KISSIMMEE, Fla. — David Rodriguez thought his time was limited after being diagnosed with HIV 18 years ago.
What You Need To Know
- The CDC says cases of sexually transmitted diseases hit an all-time high for the sixth straight year
- The COVID-19 pandemic has exacerbated access to care, Osceola Community Health Services says
- The group’s CEO also says awareness and knowledge are the key to prevention of STDs
But “stigma is the biggest killer of those living with HIV,” he said. “People don’t want to talk about it, they don’t want to discuss it, they don’t want to get tested.”
And though he’s not cured, his viral load is so low, it’s been undetectable since 2011.
“HIV/AIDS does not control me, does not define me. I still am who I am, and HIV is living with me, but I am not living with it,” he said.
The Centers for Disease Control and Prevention recently said that sexually transmitted diseases in the United States had reached an all-time high for the sixth consecutive year. There were more than 2.5 million cases of chlamydia, gonorrhea and syphilis reported in 2019, the most recent data.
Belinda Johnson-Cornett, the CEO for Osceola Community Health Services in Kissimmee, Fla. said those numbers may have swelled due to the pandemic.
“Anyone who had issues with access to care, or we had challenges getting them into care, COVID just intensified that,” Johnson-Cornett said. “That’s the role that COVID has played. But the services being available have still been available.”
Osceola Community Health Services provides help and assistance for things such as mental health, dental, maternity, pediatrics and primary care, including treatment for those with STDs. Just in the past six months it’s provided STD testing to about 7,000 people in the county. Federal grants such as the Ryan White HIV/AIDS Program and Title X Family Planning help with it all.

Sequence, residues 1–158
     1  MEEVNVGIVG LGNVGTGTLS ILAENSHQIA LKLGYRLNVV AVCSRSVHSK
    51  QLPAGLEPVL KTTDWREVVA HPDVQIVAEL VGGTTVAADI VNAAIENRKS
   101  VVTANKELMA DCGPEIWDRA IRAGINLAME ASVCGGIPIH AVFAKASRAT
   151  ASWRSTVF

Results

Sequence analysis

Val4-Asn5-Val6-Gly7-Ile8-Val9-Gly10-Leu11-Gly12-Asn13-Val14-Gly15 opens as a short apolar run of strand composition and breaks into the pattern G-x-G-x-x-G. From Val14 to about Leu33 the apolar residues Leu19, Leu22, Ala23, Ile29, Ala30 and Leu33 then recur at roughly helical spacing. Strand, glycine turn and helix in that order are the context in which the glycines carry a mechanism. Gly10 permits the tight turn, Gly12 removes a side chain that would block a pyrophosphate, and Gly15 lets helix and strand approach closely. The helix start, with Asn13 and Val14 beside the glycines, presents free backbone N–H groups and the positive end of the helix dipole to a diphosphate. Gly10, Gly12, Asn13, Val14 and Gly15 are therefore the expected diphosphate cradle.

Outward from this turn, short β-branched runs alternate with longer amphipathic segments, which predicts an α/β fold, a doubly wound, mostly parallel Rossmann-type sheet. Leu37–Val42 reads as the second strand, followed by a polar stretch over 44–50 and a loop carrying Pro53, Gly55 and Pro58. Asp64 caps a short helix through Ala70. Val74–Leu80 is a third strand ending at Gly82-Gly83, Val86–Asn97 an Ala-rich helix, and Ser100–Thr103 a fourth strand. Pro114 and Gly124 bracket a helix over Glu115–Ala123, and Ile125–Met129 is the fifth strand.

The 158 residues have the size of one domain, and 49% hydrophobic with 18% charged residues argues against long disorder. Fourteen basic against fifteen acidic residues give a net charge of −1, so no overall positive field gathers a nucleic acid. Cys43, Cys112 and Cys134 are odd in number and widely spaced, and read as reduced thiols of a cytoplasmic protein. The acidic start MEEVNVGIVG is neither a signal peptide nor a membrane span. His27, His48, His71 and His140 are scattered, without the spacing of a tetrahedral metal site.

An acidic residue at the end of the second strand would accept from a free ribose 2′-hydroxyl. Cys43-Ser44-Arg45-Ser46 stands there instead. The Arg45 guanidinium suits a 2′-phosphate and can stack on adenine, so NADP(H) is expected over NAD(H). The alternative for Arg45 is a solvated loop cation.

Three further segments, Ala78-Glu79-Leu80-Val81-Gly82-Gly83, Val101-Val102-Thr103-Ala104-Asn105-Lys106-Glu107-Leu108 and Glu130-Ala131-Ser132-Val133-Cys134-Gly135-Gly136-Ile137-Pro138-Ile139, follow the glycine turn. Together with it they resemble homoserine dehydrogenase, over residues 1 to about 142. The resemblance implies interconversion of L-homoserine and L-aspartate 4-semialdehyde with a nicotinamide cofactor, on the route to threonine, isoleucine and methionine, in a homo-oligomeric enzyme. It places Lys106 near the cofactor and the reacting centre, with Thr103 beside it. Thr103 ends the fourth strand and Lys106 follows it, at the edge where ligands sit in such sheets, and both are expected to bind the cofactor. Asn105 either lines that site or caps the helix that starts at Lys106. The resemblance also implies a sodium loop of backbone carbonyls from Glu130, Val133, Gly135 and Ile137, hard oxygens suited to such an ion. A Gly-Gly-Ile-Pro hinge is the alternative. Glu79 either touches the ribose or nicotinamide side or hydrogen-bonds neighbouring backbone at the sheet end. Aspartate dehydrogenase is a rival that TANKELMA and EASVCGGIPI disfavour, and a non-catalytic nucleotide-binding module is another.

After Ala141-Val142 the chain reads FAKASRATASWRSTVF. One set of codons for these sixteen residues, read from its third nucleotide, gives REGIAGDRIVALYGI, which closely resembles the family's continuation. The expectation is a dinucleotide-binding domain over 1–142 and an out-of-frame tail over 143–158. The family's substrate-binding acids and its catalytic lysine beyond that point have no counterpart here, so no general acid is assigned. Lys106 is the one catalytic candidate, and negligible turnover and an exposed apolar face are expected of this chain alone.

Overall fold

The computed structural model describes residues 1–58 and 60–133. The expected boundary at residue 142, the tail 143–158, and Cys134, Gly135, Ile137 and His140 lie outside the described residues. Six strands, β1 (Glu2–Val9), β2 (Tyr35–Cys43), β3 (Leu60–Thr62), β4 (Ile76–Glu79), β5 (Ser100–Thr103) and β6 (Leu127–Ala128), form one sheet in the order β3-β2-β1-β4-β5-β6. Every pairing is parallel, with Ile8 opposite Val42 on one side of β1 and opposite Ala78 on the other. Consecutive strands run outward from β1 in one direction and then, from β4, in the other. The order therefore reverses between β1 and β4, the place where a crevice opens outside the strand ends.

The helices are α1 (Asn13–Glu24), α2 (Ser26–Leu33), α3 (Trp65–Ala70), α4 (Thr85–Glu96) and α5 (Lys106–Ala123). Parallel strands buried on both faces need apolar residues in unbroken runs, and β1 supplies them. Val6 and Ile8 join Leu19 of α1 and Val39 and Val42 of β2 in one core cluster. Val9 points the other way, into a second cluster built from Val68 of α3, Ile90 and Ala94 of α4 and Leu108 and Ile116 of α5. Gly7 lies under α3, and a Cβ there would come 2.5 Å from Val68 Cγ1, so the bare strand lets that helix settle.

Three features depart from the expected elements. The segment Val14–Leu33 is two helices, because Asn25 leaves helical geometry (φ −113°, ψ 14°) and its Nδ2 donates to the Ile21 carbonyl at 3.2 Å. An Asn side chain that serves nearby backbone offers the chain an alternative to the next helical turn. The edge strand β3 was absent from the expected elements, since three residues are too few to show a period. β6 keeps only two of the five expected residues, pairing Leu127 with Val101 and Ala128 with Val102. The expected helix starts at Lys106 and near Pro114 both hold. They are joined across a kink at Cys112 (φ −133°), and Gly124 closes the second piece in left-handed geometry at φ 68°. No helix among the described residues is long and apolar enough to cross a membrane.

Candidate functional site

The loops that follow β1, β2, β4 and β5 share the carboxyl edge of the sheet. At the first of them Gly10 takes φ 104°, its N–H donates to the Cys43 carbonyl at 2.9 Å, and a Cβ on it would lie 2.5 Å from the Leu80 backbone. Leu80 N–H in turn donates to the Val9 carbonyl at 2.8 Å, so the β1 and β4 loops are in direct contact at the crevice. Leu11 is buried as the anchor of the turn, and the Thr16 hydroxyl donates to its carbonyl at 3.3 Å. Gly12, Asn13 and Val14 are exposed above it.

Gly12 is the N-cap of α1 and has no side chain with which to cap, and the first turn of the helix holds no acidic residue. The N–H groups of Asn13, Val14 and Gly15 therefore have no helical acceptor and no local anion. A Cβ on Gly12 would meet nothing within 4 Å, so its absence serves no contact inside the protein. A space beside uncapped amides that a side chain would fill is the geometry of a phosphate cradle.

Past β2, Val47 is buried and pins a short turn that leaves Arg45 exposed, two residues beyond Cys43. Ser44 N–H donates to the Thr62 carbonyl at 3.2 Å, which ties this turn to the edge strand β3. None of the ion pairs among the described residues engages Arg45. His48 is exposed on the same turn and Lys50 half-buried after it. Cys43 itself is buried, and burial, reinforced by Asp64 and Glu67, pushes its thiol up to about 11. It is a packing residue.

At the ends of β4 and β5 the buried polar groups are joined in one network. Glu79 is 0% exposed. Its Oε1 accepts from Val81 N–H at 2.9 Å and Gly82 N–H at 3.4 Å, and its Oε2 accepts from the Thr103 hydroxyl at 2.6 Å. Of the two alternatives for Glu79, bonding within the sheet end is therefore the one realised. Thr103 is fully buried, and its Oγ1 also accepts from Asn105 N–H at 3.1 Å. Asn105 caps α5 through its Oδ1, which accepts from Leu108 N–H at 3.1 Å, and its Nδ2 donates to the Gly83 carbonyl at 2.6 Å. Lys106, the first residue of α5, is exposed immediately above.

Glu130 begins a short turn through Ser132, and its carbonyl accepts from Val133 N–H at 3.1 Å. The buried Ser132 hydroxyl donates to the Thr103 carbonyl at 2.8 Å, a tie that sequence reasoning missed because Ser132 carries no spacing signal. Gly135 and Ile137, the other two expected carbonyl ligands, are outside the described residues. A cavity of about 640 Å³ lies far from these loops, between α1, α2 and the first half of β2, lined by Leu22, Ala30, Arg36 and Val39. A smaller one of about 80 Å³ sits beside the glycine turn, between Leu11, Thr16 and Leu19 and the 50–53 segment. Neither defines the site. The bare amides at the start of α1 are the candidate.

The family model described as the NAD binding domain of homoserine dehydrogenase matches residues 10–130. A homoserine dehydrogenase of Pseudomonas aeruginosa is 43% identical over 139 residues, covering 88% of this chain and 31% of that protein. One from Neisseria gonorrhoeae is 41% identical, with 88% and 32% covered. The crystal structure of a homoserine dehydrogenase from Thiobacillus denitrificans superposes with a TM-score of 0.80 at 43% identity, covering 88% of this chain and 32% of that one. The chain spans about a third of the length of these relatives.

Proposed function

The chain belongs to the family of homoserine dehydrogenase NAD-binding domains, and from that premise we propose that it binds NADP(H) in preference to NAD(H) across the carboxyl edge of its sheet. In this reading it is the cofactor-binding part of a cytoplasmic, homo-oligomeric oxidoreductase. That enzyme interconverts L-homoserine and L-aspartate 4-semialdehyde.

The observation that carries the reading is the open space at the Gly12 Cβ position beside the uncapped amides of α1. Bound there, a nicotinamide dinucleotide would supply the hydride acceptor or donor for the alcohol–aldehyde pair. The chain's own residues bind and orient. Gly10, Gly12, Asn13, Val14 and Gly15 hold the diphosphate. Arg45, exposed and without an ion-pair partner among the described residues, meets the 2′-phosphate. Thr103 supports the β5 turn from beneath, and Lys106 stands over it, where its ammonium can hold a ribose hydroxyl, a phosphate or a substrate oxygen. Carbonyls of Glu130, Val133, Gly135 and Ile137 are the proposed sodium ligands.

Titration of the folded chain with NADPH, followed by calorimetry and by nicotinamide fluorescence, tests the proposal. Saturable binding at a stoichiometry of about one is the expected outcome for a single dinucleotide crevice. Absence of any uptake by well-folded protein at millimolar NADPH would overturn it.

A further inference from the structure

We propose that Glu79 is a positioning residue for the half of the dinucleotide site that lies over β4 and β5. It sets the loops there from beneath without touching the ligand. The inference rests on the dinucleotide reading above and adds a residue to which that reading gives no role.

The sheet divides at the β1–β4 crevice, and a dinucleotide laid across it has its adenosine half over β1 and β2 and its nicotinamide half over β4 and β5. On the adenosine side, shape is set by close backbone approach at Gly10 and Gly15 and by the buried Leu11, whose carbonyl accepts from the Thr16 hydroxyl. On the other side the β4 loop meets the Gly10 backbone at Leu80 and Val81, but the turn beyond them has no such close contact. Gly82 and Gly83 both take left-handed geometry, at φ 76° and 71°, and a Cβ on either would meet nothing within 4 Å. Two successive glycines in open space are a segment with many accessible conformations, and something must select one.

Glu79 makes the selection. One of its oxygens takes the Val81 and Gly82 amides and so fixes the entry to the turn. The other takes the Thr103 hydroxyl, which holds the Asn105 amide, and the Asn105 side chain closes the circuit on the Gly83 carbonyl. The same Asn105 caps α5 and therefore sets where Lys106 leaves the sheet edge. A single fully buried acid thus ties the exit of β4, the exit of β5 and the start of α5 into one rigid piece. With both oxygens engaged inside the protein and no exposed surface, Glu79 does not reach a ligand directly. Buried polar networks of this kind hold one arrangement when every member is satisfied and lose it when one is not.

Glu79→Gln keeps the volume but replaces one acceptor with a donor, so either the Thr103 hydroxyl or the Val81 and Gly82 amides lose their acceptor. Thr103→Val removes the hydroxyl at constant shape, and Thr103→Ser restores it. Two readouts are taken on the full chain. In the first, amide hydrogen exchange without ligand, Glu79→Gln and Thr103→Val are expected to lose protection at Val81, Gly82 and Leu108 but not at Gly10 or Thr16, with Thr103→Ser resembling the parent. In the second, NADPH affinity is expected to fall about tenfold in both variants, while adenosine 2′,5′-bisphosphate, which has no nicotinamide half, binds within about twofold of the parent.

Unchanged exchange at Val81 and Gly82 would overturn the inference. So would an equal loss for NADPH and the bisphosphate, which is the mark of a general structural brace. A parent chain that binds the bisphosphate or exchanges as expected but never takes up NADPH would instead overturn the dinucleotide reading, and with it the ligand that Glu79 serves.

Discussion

“Even those that don’t qualify for the Ryan White program, we see those patients as well, uninsured and underinsured. We provide a sliding fee scale for patients based on their income,” Johnson-Cornett said.
Osceola Community Health Services is even growing: It plans to open a pharmacy for clients on site. And it’s expanding its lab services, all in the fall of this year.
It may be difficult to pinpoint why there is a spike in statistics. But Marian Sampson, the chief medical officer for Osceola County Community Health Services says “it does show us that a trend is still there.”
Sampson said infections such as gonorrhea can quickly become resistant to antibiotics. In fact, the CDC says that in 2019, more than half of all gonorrhea infections were estimated to be resistant to at least one antibiotic.
“There has been an increased incidence of gonorrhea that is now resistant to certain mediation. So that can also account for the rise in some STDs,” Sampson said. “We use a lot of antibiotics for a lot of things, and now we are starting to see resistant strains.”
Johnson-Cornett reiterates that at the end of the day, awareness is the key to prevention.
“And it’s all about the education, about STDs and how they are spread. And I think sometimes when we don’t talk about it a lot, people don’t think about it a lot,” she said. “The more we educate and the more we keep it out there about safe sex and protection… The better we will be with those numbers.”
Rodriguez said he’s doing his part by sharing his story.
“The biggest takeaway is that we all understand that we are all human,” Rodriguez said. “We’re all wanting to live, wanting to do better, for not only for ourselves but for our community.”